Does a student at your school have seizures? You might be unsure about what this means for their participation in sports classes - or if it’s safe. In this article, you’ll learn more about epilepsy, and what it means for physical activity at school.
So, can students with epilepsy participate in sports? Let’s find out.
What is epilepsy?
Before discussing how or even should students with epilepsy participate in sports, it’s helpful to have an understanding of what this condition is.
Epilepsy is a disorder in the brain which causes people to have seizures. A seizure is when there’s a sudden surge of electric activity in the brain, and this affects the person’s senses, awareness and physical movement.
Seizures look different depending on the type of epilepsy a child has. Sometimes it’s short staring spells, other times they might twitch or jerk uncontrollably, or they might walk about while unaware. Sometimes they may fall over and shake. For some kids the seizures are relatively ‘mild’ and infrequent, and they can be controlled with medication or other treatments. For other kids the seizures happen often and are harder to control.
Epilepsy is common. The CDC states that just under 1% of children aged 0-17 have epilepsy, so it’s likely there are at least one or two children with the condition in most schools.
Related: Tips for teaching students with epilepsy
Can students with epilepsy participate in sports?
Yes, generally speaking it is safe for students with epilepsy to participate in sports. There are always exceptions depending on the child, their doctor’s recommendations, and the sport itself. But it is usually perfectly safe for students to take part in school sports.
The International League Against Epilepsy (a global congress of scientists) published guidance in 2015 about the risk of injury associated with different types of sports for people with epilepsy. It showed that most of the kinds of sports kids play at school have limited additional risk for people with seizure disorders.
The following table from the ILAE categorizes sports by level of risk of injury or death, should a seizure occur:
Group 1 – No significant additional risk to people with Epilepsy (PWE) or to bystanders.
• Athletics other than sports listed under Group 2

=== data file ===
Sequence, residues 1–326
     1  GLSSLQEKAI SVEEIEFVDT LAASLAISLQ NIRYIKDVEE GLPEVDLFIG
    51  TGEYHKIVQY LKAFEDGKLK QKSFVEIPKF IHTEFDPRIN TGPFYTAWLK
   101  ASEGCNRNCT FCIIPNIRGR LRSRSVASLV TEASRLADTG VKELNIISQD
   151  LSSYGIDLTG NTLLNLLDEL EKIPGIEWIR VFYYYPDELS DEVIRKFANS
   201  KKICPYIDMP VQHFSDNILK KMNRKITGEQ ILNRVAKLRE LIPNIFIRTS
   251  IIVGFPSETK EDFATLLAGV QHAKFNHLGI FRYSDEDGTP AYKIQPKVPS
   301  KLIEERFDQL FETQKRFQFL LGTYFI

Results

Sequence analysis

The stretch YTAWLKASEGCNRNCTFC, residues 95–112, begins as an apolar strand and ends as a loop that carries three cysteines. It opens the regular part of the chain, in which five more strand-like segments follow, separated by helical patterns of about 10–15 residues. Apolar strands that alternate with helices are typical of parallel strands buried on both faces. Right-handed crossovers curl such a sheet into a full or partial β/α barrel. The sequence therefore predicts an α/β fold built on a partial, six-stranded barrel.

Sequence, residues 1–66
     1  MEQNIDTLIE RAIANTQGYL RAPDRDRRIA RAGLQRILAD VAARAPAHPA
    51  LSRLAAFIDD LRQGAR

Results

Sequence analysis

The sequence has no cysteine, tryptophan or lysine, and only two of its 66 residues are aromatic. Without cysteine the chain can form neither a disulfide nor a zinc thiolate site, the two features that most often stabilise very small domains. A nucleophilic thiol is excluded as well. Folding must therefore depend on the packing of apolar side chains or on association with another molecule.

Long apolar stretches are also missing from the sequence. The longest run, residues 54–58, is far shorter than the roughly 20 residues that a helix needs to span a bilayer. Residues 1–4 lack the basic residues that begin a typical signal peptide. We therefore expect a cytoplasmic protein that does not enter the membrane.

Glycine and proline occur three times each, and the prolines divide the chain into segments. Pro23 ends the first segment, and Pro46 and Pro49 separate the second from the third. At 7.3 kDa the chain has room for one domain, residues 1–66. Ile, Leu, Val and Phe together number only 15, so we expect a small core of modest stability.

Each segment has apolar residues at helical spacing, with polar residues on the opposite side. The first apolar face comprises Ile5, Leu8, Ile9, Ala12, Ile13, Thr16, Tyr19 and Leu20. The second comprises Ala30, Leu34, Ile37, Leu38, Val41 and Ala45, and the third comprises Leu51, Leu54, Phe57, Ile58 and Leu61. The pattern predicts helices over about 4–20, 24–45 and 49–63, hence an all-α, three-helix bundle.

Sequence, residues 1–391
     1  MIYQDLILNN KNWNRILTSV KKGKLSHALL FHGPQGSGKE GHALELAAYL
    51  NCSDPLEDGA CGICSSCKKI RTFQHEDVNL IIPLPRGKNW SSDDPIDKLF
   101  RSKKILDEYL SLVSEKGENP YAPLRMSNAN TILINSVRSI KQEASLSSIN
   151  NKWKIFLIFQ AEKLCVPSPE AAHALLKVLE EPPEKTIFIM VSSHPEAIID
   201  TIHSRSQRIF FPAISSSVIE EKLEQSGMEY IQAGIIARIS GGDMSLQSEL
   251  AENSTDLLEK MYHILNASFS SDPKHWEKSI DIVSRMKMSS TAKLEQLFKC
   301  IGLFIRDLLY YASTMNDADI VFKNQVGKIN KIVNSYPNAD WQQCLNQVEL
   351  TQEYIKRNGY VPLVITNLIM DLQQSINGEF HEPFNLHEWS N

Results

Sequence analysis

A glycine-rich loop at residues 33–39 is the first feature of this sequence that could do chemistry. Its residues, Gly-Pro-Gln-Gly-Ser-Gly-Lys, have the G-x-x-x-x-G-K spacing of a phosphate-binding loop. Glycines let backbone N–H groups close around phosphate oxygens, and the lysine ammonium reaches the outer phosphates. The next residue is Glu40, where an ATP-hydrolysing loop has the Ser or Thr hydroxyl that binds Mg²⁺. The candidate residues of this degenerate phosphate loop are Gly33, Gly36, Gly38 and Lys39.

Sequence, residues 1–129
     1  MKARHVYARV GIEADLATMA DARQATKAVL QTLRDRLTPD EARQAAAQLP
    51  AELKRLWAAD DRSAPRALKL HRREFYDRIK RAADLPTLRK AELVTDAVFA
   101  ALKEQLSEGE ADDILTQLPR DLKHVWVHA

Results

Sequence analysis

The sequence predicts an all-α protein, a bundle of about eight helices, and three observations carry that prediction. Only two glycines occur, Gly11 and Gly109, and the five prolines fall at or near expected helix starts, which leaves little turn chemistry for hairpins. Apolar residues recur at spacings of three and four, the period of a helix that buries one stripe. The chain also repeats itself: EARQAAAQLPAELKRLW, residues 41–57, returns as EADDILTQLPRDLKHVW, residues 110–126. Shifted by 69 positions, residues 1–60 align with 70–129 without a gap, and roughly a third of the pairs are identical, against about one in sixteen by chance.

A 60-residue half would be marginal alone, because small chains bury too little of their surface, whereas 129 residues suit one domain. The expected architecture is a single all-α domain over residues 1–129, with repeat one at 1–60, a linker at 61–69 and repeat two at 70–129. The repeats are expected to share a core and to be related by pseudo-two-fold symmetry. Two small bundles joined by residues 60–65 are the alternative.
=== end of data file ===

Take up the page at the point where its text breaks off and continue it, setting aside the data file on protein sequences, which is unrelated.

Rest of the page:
• Most collective contact sports (judo, wrestling)
• Most team sports taking place on grass or a court (baseball, basketball, cricket, field hockey, football, rugby, volleyball, etc.)
• Nordic (cross-country) skiing
• Racquet sports (squash, tennis, badminton, ping pong, etc.)
Group 2 sports (moderate risks to the PWEs but not to bystanders)
• Alpine skiing
• Athletics (pole vault)
• Biathlon, triathlon, modern pentathlon
• Collective contact sports involving potentially serious injury (e.g., boxing, karate, etc)
• Horse riding (e.g., Olympic equestrian events— dressage, eventing, show jumping)
• Ice hockey
• Water skiing
Group 3 sports (high risk for PWEs, and, for some sports, also for bystanders)
• Horse racing
• Motor sports
• Scuba diving
• Ski jumping
• Solitary sailing
• Surfing and windsurfing
Epilepsy and sports blogs
We’ve written guides around playing multiple sports with epilepsy - read them for more insight:
- Soccer with epilepsy
- Gymnastics with epilepsy
- Running with epilepsy
- General exercise with epilepsy
- Tennis with epilepsy
- Swimming with epilepsy
- Golf with epilepsy
- Basketball with epilepsy
Should students with epilepsy participate in sports? Know the risks
Although it is generally safe for children with epilepsy to participate in sports, in the past doctors sometimes advised against it. While often this was more to do with being overly cautious, there are some legitimate concerns that teachers should be aware of: